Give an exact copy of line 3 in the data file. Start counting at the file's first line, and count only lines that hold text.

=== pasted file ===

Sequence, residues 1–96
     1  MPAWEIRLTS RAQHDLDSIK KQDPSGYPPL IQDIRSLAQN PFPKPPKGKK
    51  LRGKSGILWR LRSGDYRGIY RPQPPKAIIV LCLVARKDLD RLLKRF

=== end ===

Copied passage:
    51  LRGKSGILWR LRSGDYRGIY RPQPPKAIIV LCLVARKDLD RLLKRF